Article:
First, the Trump administration should advocate for humanitarian ceasefires in Yemen, Syria, the Congo, and other major conflicts so local health workers can focus on the pandemic. In late March, UN Secretary-General António Guterres made a similar appeal by urging warring parties across the world to “lay down their weapons” in support of the bigger battle against COVID-19. Last Wednesday, the Saudis and its coalition partners announced a two week ceasefire in Yemen in an effort to mitigate the risks of COVID-19 for that country’s 30 million people. During this Holy Season of Passover, Easter, and Ramadan, President Trump should tap Secretary Pompeo to build a coalition to champion a global humanitarian pause. By doing so, the U.S., China, Russia, and other powers have an opportunity to break the COVID-19 spread for civilians trapped in war.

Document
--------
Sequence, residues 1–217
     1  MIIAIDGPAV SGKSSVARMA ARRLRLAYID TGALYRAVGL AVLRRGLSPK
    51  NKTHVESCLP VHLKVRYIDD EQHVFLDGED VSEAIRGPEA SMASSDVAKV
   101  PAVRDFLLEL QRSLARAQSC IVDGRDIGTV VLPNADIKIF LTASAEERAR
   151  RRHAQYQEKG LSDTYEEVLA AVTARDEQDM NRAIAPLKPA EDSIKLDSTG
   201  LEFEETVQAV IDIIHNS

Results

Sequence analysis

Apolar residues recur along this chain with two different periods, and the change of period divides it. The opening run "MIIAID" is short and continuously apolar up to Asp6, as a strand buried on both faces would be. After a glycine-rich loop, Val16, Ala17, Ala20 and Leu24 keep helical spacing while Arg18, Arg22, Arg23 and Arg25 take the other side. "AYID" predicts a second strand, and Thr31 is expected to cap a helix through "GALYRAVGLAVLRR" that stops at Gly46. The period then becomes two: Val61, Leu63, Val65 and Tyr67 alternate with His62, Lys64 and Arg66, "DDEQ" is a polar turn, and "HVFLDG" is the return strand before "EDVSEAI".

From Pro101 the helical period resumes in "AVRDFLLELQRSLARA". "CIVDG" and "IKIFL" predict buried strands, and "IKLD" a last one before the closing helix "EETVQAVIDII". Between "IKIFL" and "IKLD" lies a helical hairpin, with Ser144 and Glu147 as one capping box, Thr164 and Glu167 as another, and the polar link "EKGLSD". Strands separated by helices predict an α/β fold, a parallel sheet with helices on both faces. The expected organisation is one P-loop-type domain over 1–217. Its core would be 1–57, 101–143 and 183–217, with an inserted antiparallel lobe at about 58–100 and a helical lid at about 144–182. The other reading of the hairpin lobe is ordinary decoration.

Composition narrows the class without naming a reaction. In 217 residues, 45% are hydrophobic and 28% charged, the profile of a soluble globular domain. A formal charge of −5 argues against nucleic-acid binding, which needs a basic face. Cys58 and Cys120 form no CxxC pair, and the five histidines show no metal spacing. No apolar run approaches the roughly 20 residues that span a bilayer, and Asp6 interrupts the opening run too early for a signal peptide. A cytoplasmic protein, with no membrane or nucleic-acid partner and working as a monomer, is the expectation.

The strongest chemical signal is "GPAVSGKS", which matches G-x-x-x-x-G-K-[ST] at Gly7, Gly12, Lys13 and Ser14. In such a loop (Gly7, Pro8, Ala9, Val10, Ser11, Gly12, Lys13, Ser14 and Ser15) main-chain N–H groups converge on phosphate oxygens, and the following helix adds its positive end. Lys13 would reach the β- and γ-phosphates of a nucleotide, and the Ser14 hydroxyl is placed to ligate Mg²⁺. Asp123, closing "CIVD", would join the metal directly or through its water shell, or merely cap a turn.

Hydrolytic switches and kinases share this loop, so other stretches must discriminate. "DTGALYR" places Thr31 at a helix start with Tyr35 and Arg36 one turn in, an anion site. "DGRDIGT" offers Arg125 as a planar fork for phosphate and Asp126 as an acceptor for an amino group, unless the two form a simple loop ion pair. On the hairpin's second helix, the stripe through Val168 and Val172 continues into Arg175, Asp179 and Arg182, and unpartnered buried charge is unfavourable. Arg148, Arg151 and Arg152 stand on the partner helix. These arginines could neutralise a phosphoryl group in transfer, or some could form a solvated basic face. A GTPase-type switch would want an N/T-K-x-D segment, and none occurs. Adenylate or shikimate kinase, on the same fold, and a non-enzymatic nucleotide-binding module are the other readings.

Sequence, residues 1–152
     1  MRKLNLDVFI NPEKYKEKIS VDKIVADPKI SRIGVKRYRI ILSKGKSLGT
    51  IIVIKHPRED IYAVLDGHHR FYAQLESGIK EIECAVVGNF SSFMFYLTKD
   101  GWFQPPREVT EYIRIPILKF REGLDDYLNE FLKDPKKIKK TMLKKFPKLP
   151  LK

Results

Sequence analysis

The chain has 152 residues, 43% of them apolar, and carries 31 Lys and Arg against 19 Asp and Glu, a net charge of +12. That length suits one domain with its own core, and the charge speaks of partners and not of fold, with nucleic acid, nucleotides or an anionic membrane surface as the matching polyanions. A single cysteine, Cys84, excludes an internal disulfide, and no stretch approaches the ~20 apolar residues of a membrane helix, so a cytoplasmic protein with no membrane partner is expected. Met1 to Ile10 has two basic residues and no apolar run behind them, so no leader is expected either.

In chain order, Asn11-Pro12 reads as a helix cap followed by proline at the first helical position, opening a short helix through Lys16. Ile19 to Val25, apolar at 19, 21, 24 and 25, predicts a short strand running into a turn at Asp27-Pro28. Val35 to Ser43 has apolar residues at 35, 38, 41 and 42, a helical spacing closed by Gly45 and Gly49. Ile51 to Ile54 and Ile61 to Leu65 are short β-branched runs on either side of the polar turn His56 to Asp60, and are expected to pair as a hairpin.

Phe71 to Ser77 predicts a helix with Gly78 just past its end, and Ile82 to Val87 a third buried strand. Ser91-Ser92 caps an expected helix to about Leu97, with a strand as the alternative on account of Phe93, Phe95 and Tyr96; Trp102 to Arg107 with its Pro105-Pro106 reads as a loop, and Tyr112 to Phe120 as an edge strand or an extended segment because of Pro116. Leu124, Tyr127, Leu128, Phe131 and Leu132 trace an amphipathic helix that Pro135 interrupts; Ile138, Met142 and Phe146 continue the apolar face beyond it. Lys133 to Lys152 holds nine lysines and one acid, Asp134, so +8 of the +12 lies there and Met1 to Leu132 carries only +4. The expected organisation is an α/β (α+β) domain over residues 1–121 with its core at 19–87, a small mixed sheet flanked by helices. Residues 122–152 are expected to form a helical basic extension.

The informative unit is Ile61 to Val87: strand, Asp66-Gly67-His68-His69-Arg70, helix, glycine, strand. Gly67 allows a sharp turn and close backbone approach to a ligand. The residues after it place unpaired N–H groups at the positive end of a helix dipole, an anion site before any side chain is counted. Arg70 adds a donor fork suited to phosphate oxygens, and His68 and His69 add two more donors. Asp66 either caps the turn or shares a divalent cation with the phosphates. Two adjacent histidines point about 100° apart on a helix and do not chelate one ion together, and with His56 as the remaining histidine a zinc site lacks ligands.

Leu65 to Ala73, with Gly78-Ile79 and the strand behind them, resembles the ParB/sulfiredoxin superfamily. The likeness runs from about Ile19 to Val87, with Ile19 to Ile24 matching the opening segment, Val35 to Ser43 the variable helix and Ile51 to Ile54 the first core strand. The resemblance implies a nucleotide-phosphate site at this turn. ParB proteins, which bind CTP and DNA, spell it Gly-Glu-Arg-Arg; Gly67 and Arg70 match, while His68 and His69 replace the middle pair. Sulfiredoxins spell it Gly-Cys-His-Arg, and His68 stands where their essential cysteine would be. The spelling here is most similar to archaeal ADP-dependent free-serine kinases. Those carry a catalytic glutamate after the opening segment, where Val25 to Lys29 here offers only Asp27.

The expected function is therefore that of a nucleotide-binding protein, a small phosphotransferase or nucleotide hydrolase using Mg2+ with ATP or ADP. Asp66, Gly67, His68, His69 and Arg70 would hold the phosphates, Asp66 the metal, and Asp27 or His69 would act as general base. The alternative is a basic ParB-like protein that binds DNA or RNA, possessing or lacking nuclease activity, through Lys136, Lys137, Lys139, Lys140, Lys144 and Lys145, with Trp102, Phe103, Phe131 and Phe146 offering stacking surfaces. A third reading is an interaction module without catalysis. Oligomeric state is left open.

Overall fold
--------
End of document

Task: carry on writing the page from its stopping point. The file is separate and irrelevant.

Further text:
Second, American ingenuity and technology can track data to anticipate hot spots in fragile states. New phone tracking technology from Israel and China raise privacy concerns. Americans — and much of the world — are simply not prepared to trade contact tracing for the end of individual privacy. There are alternatives that protect privacy, including innovations in anonymized contact tracing, remote sensing, heat mapping, social network analysis, and predictive analytics. These technologies allow public health officials to target limited resources to mitigate the spread of the virus.